1,500-year-old advice

There’s something about the people who’ll go all-in, right?

If a person discovers running, they get the shoes, the tight pants, the water bottle belt, the GPS watch. New vegetarians get all the cookbooks from the library. New homeschoolers follow every homeschooling blog; join every email list. New parents find there aren’t enough magazines, books, clothes, minivans, and snacks in pouches to help “navigate” this new life with a new baby.

After a while, though, most of the novelty wears off: when someone calls me “Mom” who isn’t my child, I weep a little: I want to be called Erin. I quickly grow tired of talking about homeschooling “extras.” I suspect vegetarians find themselves eating spaghetti on Thursday nights just like the rest of us. Half-marathoners eventually find themselves walking a 3-miler on a fair-weather Saturday (trust me).

So what I love about the monks is their attention.

I think that’s why people — maybe moms more, because theirs are the voices I notice in this conversation now in books and articles — are drawn to monastics, who find meaning in, well, everything — however mundane. When moms need someone to tell them they’re doing holy work when it feels like nothing; when they need meaning in a sink of soapy water, or a pot of spaghetti, the monastics answer. “Go and sit in your cell, and your cell will teach you everything.” That’s 1,500-year-old advice for moms, really. The Desert Fathers (and Mothers) were all-in forever, and I can’t even bring myself to cheerfully prepare dinner seven nights a week. Every time I haul out the spaghetti pot, I lament a little because didn’t I just feed these people three hours ago? What do they want from me?

I am the worst monk.

“It was said about Arsenius that whenever he was doing manual work he kept a cloth at his chest because of the tears that streamed from his eyes.”

“The Desert Fathers: Sayings of the Early Christian Monks”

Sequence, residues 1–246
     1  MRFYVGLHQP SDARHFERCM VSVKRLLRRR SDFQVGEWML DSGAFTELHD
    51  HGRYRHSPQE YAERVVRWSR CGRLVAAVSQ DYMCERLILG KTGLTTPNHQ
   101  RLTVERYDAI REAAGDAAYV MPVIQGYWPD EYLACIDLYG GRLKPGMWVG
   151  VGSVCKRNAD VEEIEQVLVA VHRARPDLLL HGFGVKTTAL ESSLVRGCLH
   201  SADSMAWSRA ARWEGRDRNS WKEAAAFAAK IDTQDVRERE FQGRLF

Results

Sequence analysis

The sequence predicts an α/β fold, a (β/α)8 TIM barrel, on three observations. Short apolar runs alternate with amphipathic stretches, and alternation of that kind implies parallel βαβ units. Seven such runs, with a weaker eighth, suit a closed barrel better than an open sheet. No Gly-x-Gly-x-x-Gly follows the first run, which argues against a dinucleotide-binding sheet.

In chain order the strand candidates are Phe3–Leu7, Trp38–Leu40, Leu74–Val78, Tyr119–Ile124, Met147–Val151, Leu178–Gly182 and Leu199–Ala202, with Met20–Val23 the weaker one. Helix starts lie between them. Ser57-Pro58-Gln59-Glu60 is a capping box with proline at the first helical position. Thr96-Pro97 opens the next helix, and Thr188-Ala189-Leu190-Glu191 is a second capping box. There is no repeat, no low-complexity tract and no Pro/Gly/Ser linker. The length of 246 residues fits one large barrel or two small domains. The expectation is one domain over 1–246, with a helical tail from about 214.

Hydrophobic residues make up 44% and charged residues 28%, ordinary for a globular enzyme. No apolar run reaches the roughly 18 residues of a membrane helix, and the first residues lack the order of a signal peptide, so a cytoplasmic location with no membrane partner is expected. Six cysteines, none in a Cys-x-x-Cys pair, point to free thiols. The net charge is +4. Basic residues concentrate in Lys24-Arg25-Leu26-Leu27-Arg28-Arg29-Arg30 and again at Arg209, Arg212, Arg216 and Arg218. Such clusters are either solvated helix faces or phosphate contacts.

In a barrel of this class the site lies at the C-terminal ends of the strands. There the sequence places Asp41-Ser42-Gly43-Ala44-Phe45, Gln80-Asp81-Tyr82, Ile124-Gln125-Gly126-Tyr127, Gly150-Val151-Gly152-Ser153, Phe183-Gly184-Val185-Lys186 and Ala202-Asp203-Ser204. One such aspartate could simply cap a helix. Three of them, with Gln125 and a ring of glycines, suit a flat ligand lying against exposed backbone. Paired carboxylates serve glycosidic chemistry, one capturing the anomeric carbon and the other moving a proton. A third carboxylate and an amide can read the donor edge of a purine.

I feel that way rocking Louisa before bed sometimes: I see her eyelashes and her chubby cheeks, and I notice her toes poke at the end of her footed pajamas, and I know: I know it’s all so full of meaning, and I miss most of it because I’m thinking I need to mail the rent check, or about scheduling Sunday school volunteers. Be Still is not my natural language.

Yes, I could use a reminder that there’s so much in my mundane that’s holy.

A friend of mine lent me a copy of this book of anecdotes and wisdom from the men and women who quit the city for a cell in the desert, to devote their whole lives to prayer and solitude. I’d always assumed they were older, because, well, I’ve heard them called old wise men and women. But, no, they were often young when they began, and of course grew into it over a lifetime. Yes, that — that it’s a lifetime of growing.

And, of course, their words in this collection has just enough humanity and just enough divinity to make the reader feel compelled or convicted; but I cannot dismiss it all. I can’t, because though I won’t be leaving my three kids, my shelves of books, my health insurance, and my rental house to live in a desert, I often find myself wandering in one anyway, and their practice of staying put — Being still, really still — is rich with meaning for me, a lowly mom.

Where I stray from the monks is in the removal of myself from the world. I don’t feel called to do that (more than a homeschooling mom can say that). Our call said Michigan, not the desert; our call includes more than prayer in silence — it’s praying in silence while making dinner (again). But their stringent examples also remind me what a temptation it is to live here in this culture while also believing This place is not my Rest.

I don’t think I can do this alone — and I’m not, thank God. I interpret this with other people. Alone, I want too much, and culture says “You deserve it.” Alone, I wonder about our savings account, and whether it’s wise to have it when sparrows don’t. Alone, I wonder about those teeth growing in crooked in my first-grader’s mouth; the kids’ empty, ugly, beige bedroom walls. Alone, I wonder about Christmas lists for the girls, and how I’d like a wool pea coat when I have a coat in the closet.

A brother asked a hermit, “Would you like me to keep two shillings for myself, in case I fall ill?” The hermit, seeing that in his heart he wanted to keep them, said, “Yes.” The brother went into his cell, but he was worried, asking himself, “Did he tell me the truth or not?” He got up and went back to the hermit, bowed down and asked him, “For the Lord’s sake tell me the truth, for I am worrying about these two shillings.” The hermit said to him, “I told you to keep them because I saw you intended to do so anyway. But it is not good to have more than the body needs. If you keep the two shillings, you will put your hope in them. If by chance they are lost, then God will no longer be interested in your needs. Let us cast all our care upon the Lord, for He cares for us.”

“The Desert Fathers: Sayings of the Early Christian Monks”

While I can dismiss the hyperbole of some of their asceticism for our 21st century application, I can’t dismiss their message: being still starts inside.

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